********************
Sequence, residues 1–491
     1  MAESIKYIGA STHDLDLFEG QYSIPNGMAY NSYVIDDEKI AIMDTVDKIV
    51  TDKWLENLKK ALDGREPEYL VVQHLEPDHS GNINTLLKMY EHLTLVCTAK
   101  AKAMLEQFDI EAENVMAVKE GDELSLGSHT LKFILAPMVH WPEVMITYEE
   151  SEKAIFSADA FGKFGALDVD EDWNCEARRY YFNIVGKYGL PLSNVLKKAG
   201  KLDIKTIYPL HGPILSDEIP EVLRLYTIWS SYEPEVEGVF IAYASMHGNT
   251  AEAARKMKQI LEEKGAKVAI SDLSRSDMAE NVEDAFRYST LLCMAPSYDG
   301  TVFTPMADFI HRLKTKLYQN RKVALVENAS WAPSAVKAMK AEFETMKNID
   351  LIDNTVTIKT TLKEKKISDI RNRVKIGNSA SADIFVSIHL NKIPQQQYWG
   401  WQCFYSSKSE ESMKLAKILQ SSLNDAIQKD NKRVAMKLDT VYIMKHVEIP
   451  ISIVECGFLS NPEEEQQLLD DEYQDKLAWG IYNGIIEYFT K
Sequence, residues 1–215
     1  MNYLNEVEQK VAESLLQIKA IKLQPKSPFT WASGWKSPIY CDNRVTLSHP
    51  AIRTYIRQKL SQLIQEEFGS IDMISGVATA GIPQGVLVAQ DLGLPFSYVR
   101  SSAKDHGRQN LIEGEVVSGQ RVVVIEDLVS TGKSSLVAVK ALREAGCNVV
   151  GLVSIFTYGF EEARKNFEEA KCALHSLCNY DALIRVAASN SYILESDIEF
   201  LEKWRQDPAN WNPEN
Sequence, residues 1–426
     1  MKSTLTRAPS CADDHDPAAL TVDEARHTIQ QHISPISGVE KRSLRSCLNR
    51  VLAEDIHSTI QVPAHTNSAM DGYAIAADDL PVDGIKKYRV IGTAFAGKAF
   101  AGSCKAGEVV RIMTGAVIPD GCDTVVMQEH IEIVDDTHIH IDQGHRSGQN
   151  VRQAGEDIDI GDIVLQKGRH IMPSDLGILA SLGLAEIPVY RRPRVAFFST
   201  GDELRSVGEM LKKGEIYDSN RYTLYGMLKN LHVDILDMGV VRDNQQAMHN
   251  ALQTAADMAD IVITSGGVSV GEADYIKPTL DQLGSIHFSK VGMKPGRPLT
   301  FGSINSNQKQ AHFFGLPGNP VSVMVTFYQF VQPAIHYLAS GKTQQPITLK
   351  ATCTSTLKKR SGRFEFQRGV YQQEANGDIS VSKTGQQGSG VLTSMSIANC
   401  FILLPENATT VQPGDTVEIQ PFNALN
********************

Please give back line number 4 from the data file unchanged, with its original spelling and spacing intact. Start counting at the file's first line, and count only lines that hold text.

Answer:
   101  AKAMLEQFDI EAENVMAVKE GDELSLGSHT LKFILAPMVH WPEVMITYEE